– [Ryan] Absolutely, yeah, it’s been interesting. I’ve had a lot of conversations recently with different guests about sustainability in the IoT space, connected to batteries, connected to energy harvesting, different things that are contributing to overall sustainability. And as you talk more about it, it’s very applicable to what you have going on. And I think we’re seeing that transition happen a lot more across all areas of IoT as improving the sustainability of kind the IoT space.

– [Alastair] Yeah, absolutely, I mean we look at sustainability, we look at it from two perspectives. We look at it from the perspective of the customer, reducing his footprint by deploying remote sensors. But we also look at the application that we’re deploying our solution into, it’s into agriculture. It’s looking at how to reduce, putting sensors out there, looking at how to reduce the amount of water that’s wasted. And I’ll give you one statistic that’s incredible that 30% of the world’s wastage of water comes from agriculture and technology is now being deployed to go and figure out how to optimize the use of water through soil moisture sensors. And we’ve seen sort of use cases where growers have been able to reduce their waste of water by up to about 37%. Most people think about technology and agriculture as being improving the yield of their crop, and that’s correct, but it’s also about how we reduce vital resources such as water. And so that’s the second part of where our sustainability plan comes from.

– [Ryan] Fantastic, one of the things actually, you just mentioned there, talking about use cases. I was actually gonna ask you if you had any live kind of deployments and use cases that you’d be comfortable sharing on here, just to kind of show the power of what you’ve all built and how this is being used in different industries in a little bit more detail.

– [Alastair] No, absolutely, I can give you sort of three use cases that we’ve got sort of in deployment. One is in supply chain management and that’s all about how do we track containers, but not just tracking containers, but how do we actually ensure that the perishable goods within containers is maintained? So how do we look at temperature, humidity, to ensure that goods that are delivered within a container actually arrive in their location, in the optimal condition. So supply chain management’s a real, real big use case for them. So we formed a consortium with a company called Senet in the US, that’s probably the largest terrestrial LoRa network provider in the US. And by putting our satellite capability together with Eutelsat, we’ve put a supply chain solution out into the market. Second use case, I go back to soil moisture sensors. So we’re deploying our technology into soil moisture sensors, those sensors have been deployed over a wide range of geographies and looking at soil moisture, or water moisture content in fields and optimizing irrigation and reducing the amount of water wastage at the same time, increasing the production of your yield. And I guess the third one that’s pretty strong out there, that’s doing pretty well is in the energy sector and that’s looking at preventative maintenance. So, putting sensors into rural locations, looking at corrosion in oil pipes and that’s very much about how do we prevent issues from happening and using IoT to give our customers insightful information for preventative maintenance.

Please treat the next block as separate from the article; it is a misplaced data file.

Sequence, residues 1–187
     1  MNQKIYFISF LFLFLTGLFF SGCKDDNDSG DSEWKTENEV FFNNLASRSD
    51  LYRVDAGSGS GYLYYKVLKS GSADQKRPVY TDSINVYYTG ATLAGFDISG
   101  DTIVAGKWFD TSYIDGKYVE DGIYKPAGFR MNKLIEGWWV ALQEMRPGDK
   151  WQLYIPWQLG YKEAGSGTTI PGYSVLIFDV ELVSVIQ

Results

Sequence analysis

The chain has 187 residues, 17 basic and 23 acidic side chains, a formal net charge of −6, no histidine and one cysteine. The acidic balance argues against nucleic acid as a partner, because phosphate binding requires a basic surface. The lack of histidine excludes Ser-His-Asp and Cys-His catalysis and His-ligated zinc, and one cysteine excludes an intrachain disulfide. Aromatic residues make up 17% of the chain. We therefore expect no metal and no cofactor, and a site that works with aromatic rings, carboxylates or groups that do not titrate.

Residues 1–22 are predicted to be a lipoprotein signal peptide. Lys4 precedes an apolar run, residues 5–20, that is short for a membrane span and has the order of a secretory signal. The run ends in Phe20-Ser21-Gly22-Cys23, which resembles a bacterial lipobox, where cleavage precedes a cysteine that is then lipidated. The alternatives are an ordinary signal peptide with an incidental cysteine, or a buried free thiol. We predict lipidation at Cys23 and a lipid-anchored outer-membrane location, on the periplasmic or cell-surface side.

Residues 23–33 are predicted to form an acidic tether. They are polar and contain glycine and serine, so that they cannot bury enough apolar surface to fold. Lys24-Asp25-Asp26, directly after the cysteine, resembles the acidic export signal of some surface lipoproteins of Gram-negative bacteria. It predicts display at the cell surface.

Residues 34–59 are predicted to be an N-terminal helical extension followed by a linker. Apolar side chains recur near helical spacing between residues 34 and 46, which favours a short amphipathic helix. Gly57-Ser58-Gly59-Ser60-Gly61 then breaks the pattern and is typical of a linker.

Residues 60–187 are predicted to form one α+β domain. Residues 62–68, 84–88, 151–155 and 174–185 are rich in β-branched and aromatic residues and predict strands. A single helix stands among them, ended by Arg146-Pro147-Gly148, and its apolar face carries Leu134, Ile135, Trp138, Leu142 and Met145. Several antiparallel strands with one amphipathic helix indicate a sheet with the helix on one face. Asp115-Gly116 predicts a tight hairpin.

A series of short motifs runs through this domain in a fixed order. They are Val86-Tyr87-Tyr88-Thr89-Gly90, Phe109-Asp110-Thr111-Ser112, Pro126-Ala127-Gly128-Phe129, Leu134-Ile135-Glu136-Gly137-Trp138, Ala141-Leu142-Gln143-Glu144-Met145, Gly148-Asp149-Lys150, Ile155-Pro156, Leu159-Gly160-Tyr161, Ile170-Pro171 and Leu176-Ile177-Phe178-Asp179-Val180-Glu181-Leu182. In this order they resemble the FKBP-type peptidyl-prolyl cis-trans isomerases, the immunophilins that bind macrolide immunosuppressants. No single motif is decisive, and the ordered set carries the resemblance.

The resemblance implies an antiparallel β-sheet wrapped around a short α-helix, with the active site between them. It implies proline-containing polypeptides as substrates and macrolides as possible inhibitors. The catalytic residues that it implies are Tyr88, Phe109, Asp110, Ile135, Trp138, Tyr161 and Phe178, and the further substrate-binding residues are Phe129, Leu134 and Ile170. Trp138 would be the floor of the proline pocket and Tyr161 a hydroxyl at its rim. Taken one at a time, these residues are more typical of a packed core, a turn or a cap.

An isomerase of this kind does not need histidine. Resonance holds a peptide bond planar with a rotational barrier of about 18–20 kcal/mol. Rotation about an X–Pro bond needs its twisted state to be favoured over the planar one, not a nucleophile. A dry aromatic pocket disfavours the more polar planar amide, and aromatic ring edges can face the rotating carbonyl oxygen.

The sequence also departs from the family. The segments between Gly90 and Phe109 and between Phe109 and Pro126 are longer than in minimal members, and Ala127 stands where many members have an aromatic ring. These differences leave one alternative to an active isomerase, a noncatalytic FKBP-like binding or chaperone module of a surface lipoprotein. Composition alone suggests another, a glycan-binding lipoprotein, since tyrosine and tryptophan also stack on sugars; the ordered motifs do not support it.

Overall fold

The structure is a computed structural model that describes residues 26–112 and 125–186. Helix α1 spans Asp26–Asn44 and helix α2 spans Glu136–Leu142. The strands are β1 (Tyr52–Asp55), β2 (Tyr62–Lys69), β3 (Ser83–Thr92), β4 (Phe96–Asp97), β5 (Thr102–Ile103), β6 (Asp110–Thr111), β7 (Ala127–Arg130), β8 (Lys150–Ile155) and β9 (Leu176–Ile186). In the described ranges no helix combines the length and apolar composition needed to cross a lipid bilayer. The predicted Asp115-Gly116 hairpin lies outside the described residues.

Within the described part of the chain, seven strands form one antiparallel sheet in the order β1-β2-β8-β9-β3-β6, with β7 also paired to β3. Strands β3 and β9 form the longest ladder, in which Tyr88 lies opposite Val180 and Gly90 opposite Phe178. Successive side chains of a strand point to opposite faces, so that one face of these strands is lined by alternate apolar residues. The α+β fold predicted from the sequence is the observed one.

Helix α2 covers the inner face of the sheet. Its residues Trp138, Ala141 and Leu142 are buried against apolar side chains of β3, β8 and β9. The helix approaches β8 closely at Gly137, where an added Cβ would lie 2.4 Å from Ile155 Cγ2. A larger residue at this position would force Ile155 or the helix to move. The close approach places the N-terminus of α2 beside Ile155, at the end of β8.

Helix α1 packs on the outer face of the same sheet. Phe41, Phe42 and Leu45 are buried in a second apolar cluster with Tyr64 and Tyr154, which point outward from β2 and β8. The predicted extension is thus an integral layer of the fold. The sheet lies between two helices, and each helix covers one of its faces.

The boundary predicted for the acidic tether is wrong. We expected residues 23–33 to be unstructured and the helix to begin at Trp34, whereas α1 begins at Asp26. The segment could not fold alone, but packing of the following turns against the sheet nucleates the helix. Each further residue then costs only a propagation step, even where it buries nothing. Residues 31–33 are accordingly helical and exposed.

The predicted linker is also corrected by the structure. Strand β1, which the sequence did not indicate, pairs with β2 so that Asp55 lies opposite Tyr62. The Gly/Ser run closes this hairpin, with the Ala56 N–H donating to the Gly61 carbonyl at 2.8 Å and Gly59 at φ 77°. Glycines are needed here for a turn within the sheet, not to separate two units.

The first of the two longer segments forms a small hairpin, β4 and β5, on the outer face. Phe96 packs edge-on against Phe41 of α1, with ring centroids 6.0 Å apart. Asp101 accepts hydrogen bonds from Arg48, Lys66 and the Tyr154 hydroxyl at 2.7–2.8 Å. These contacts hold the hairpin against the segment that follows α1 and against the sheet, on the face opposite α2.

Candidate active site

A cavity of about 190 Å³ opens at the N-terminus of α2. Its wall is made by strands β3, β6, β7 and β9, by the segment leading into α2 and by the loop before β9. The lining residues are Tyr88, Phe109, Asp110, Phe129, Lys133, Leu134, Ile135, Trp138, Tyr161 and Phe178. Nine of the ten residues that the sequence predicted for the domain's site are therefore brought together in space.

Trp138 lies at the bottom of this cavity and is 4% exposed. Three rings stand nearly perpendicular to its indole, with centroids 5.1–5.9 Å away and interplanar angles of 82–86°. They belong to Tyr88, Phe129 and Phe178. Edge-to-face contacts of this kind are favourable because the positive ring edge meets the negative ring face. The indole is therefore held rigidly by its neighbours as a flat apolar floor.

– [Ryan] Absolutely, and those are perfect examples. And it’s funny, I’ve had some conversations recently around the supply chain side, around the agriculture side, preventative maintenance hasn’t been a huge topic that I’ve had the opportunity to talk more about, but it makes total sense, especially in those rural areas. And usually when we’re talking about it, we’re talking about it within manufacturing or within factories, indoors, not necessarily, kind of in rural outdoor potential areas where it is just not as much of a realization of how important that connectivity needs to be in order for that kind of thing to be available to them.